Men’s basketball: Owls lose 61-59 to North Texas in overtime

Zack Kelberman

Owls guard Jackson Trapp attempts jump shot over North Texas defender. Photo by Max Jackson.
Owls guard Jackson Trapp attempts jump shot over North Texas defender. Photo by Max Jackson.
Despite an injured finger, Owls guard Greg Gantt totaled 20 points for the 11th consecutive game.

It just wasn’t enough.

FAU lost 61-59 to North Texas in overtime Saturday night at The Burrow. The Owls dropped their overall record to 10-10 and conference mark to 5-4, doing so in a mostly dramatic fashion.

With seconds left in overtime, and a chance to send the contest to double overtime, FAU guard Jackson Trapp and forward Andre Mattison each missed short-range shots, as the Mean Green escaped with a win.

The Owls staying competitive that long was due in large part to their leading scorer.

Playing a game-high 44 minutes and sporting a finger splint, Gantt finished with 22 points, including two 3-pointers –– one which gave the Owls a 52-51 lead with 34 seconds left in regulation, and another in overtime which cut the deficit to 60-59 with 28.5 remaining.

Trailing 53-51 with 15 seconds remaining in the second half, North Texas knocked down a put-back bucket as time expired, sending both teams into the extra period.

Prior to that, the Owls battled back and forth in a game that featured nine lead changes and six ties.

FAU leading scorer Greg Gantt driving through the lane. Despite a dislocated finger, Gantt had a team-high 22 points against North Texas. Photo by Max Jackson.
FAU leading scorer Greg Gantt driving through the lane. Despite a dislocated finger, Gantt had a team-high 22 points against North Texas. Photo by Max Jackson.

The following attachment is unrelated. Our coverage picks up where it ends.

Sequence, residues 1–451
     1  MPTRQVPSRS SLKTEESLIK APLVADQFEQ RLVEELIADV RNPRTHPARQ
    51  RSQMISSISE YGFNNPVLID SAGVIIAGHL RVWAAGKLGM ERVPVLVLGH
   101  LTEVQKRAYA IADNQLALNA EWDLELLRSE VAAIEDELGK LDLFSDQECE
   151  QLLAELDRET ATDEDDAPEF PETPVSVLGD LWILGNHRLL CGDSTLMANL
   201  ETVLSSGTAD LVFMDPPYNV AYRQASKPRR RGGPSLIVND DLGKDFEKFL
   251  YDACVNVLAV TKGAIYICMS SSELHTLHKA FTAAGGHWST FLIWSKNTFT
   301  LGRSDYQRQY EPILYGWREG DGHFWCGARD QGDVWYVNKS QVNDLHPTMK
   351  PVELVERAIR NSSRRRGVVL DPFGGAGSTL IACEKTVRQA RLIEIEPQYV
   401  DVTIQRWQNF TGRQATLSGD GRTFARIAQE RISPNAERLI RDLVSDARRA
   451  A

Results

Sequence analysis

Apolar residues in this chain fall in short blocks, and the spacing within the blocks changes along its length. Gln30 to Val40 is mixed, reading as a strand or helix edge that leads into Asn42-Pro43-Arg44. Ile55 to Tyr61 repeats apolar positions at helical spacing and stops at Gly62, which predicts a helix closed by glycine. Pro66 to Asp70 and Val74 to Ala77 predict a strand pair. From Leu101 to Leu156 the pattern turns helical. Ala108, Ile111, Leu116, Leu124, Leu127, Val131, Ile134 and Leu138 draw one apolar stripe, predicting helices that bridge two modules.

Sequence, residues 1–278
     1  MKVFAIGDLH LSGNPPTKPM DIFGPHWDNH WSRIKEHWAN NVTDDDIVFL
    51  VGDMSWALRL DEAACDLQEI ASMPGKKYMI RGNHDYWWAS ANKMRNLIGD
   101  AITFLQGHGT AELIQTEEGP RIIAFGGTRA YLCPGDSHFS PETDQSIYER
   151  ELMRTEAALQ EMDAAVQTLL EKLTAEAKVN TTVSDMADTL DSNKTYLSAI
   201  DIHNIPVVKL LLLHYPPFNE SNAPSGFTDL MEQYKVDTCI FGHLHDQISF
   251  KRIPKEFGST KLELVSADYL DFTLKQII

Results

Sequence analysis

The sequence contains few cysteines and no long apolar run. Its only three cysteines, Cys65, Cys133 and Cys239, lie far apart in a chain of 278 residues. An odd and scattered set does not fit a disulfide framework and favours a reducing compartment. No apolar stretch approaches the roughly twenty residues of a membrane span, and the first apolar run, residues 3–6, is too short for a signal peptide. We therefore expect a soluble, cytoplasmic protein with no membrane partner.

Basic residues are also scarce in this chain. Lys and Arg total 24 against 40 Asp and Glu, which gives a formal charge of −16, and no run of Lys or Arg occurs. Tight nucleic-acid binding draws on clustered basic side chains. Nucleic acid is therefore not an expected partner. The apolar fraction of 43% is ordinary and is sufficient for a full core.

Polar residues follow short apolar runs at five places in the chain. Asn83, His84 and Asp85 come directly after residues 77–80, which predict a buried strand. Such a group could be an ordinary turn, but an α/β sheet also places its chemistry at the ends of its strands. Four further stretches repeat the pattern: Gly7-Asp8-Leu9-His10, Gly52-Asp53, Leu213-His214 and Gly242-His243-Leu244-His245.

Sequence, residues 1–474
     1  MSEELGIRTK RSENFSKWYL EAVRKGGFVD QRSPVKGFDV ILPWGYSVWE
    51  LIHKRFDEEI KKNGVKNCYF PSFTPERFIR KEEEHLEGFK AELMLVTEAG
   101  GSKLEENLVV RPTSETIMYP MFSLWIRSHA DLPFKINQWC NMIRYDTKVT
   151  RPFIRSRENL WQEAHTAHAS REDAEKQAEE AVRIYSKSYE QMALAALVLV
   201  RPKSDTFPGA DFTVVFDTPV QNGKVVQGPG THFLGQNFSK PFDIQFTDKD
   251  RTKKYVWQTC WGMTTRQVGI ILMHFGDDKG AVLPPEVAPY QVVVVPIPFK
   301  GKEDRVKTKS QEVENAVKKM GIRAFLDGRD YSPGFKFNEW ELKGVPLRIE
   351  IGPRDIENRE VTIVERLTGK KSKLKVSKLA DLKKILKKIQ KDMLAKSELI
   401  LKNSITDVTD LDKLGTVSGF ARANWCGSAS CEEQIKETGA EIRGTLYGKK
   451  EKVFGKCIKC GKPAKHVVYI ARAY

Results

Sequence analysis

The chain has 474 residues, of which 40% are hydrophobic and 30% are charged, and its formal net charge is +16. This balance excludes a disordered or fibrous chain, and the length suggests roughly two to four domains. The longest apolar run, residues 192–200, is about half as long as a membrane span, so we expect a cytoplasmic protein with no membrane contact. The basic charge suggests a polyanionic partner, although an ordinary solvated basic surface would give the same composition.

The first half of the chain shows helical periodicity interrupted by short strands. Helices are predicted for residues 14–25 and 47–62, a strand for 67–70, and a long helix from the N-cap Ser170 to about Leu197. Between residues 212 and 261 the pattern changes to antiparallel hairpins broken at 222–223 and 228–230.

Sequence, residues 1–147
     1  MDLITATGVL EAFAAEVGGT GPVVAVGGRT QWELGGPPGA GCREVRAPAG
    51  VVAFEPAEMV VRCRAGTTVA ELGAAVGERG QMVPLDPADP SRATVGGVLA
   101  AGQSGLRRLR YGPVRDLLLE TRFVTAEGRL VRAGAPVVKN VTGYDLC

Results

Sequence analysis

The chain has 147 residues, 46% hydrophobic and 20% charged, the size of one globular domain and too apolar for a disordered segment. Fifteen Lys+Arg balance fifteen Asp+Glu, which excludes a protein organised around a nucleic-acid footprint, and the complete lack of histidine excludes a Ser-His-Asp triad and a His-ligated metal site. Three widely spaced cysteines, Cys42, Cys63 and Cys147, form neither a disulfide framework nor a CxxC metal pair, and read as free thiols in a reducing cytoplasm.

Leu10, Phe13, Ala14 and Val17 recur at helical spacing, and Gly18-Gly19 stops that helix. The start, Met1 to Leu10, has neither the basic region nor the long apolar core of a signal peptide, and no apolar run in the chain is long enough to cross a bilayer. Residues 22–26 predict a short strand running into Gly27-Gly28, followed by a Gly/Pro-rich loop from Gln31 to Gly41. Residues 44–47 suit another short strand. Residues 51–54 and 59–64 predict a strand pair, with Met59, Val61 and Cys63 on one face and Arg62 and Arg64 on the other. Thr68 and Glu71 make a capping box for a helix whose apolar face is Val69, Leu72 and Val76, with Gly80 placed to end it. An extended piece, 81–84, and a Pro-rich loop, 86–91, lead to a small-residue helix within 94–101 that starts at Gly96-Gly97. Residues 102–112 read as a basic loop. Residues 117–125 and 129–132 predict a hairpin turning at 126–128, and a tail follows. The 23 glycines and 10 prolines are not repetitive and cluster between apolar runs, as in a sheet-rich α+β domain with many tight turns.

As it turns out, Gantt’s finger is fine.

“I just dislocated it and popped it back in,” Gantt said. “I iced it, got a splint for it. I should be all right.”

The team’s first half play, though, was not.

“We weren’t ready to play,” Gantt said. “Simple as that. We broke down on the defensive end, didn’t get back in transition, we lost rebounds. It was a poor effort in the beginning and lapses down the stretch.”

In the first half, FAU struggled mightily with North Texas forward Tony Mitchell, considered an NBA-ready prospect. Mitchell used his 6-foot-8 frame to wall off defenders and find success in the paint. He finished with 24 points, eight rebounds, and three blocks.

Another problem for the Owls was questionable shot selection. They connected on just nine out of 28 attempts in the first half. They improved slightly in the second half, hitting 10-22, and were two out of seven in overtime.

One of those iffy attempts can be attributed to center Dragan Sekelja, who launched a 3-pointer with 1:50 to go in the second half. The shot was well off and it turned out to be a wasted possession, drawing the ire of Owls head coach Mike Jarvis.

Owls forward Kelvin Penn tips off against North Texas' Tony Mitchell. Photo by Max Jackson.
Owls forward Kelvin Penn tips off against North Texas’ Tony Mitchell. Photo by Max Jackson.
“Hopefully that’ll be the last time,” Jarvis said of Sekelja’s three-point attempt. “You love the fact the guy feels confident, but there’s also reality. The reality is, it’s not his job (to attempt those shots).”

While FAU undoubtedly stepped up its game down the stretch, employing a zone defense to neutralize the Mean Green’s big bodies, fundamental issues led to the loss.

The Owls were careless with the ball, turning it over 12 times. Guard Stefan Moody accounted for six of those turnovers by himself. They were uncharacteristically inconsistent from the free-throw line (10-17), and seemed to commit unnecessary fouls.

Jarvis again pointed to the reality as the reason why his squad ended up on the losing side.

“We’re dealing with amateurs,” Jarvis said. “That’s what makes college basketball good and bad. You’re going to see the good, the bad, the ugly at times. We got what we deserved.”

The Owls play at Arkansas Little Rock on Thursday, Jan. 24 at 8 p.m.